Opinion

Donald Trump's push for a whiter America

Of the many words Donald Trump used this week in defense of his horrific policy to separate children and their parents at the border, one tweet should especially trouble Americans. It's not the tweet you think — the repulsive one from Tuesday that said undocumented immigrants "infest our country." This one came a day before, as the heat began to intensify in response to the administration's border policy.

"Crime in Germany is way up," Trump said about migration in Europe. "Big mistake made all over Europe in allowing millions of people in who have so strongly and violently changed their culture!"

First, a quick fact check: Crime in Germany is, in fact, not up. It's down 5.1 percent since last year and is at its lowest rate since 1992.

More problematic is Trump's concern that immigrants have changed Germany's culture. That's a different immigration argument from the president, who previously has focused on security and safety and protecting Americans from the crimes committed by those here illegally. That's bunk, by the way. Statistics show that undocumented immigrants are considerably less likely to commit crimes than native-born citizens.

But now the president is hinting at something darker — that immigrants, legal or not, are a threat to our culture. And he's done more than hint at it. He's griped about the U.S. accepting immigrants from "shithole" countries. He's worked from the beginning of his presidency to limit not only illegal immigration, but legal. His administration has granted fewer visas and approved fewer refugees. He has significantly cut back on offering Temporary Protected Status to people living in the U.S. legally because their home countries are ravaged by war and famine.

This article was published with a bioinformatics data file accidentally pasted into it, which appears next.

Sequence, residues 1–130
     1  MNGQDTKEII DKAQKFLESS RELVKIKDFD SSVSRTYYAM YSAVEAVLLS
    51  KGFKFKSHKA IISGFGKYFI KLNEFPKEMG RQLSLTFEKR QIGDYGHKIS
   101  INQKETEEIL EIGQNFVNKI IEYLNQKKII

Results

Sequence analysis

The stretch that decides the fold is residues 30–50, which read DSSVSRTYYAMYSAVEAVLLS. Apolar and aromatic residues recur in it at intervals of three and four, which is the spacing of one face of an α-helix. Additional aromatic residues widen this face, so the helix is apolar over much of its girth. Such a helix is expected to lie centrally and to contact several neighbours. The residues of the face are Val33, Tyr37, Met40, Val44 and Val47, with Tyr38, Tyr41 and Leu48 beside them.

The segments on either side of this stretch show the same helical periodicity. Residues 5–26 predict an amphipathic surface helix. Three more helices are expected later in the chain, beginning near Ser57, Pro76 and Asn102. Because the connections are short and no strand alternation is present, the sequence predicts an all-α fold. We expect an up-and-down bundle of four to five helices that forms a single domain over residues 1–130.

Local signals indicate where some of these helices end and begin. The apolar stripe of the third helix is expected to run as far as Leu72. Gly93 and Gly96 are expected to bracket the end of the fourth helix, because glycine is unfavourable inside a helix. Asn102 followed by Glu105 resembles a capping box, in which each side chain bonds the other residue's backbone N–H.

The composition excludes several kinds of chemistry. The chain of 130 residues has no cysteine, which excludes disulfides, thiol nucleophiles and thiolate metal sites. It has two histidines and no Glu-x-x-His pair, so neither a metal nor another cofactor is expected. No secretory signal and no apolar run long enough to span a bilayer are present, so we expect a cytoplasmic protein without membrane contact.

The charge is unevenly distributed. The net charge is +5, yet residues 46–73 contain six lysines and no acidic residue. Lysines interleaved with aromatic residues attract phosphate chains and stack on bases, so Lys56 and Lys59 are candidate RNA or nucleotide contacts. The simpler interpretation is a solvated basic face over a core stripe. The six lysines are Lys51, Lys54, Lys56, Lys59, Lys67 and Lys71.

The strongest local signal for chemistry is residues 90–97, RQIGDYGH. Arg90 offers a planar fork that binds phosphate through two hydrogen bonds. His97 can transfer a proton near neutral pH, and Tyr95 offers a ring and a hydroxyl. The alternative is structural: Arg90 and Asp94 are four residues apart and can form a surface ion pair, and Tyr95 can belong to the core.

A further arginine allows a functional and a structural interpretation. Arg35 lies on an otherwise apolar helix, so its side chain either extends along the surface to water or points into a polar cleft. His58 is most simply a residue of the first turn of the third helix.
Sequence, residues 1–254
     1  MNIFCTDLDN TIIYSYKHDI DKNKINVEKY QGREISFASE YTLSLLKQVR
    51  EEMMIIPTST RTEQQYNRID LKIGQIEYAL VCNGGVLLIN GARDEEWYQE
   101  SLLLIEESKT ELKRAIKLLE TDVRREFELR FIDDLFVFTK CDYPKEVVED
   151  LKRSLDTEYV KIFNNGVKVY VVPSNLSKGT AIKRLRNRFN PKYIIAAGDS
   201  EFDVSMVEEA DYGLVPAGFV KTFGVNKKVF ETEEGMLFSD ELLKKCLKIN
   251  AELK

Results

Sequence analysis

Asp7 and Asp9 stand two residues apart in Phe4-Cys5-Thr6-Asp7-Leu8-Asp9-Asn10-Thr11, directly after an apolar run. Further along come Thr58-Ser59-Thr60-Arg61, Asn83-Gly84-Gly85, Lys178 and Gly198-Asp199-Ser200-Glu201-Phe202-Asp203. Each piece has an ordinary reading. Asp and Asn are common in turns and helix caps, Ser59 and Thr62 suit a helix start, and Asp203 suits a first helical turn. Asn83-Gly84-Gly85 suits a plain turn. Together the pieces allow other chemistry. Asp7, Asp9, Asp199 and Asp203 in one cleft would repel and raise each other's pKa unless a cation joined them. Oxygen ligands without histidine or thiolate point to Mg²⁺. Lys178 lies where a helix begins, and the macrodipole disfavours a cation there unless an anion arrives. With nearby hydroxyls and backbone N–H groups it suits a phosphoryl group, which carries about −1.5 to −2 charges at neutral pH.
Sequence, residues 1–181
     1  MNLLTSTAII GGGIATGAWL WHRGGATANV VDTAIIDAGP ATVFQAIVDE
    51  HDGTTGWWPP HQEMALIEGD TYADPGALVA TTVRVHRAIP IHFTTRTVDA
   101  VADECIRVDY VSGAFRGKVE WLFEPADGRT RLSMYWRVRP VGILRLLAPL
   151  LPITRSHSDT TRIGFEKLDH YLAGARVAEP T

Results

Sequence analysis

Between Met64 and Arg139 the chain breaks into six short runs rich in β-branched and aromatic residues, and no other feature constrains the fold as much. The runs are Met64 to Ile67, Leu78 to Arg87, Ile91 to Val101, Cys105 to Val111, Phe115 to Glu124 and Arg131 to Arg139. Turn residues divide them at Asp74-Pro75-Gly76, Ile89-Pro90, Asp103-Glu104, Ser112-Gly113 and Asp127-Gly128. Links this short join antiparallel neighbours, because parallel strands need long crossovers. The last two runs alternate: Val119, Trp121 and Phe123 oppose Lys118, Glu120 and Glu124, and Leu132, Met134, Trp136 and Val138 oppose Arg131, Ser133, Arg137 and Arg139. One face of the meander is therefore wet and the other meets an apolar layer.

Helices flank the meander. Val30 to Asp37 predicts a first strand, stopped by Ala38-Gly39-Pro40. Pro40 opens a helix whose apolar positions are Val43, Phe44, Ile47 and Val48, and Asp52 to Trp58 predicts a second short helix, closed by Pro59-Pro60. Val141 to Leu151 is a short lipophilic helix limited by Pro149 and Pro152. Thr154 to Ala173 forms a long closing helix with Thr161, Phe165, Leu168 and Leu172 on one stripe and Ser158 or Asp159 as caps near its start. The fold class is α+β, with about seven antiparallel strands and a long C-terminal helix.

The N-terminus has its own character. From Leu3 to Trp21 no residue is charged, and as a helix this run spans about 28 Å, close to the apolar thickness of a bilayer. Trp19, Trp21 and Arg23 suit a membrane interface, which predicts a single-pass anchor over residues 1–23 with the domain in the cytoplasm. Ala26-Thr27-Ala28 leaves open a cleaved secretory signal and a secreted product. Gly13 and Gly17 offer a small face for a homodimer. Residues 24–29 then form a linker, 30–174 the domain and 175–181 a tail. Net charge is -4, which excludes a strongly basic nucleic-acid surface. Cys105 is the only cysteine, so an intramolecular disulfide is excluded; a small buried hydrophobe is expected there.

There's also a new Trump administration proposal, reported last month by the Washington Post, that would reclassify legal immigrants who receive tax and other benefits as "charges" who could be subject to green card rejection and deportation. The rule seems designed as a tool to reject incoming immigrants who might claim such benefits, but it also would target immigrant families (including American-born children) who already receive Medicaid or health insurance subsidies. This despite immigrants being no more likely to claim these benefits than native-born Americans.

The targets of all these policies and proposals share one thing — they're not part of Donald Trump's America, the one that is whiter and richer and doesn't want its "culture" changed.

He's wrong about that, of course. Immigrants are not a threat to our culture. They are, and have always been, woven deeply into who we are. But now, with a president who has become even bolder and more vile about immigrants, we should be vigilant not only about how we treat those at our border, but those who contribute to the heart of America's greatness.

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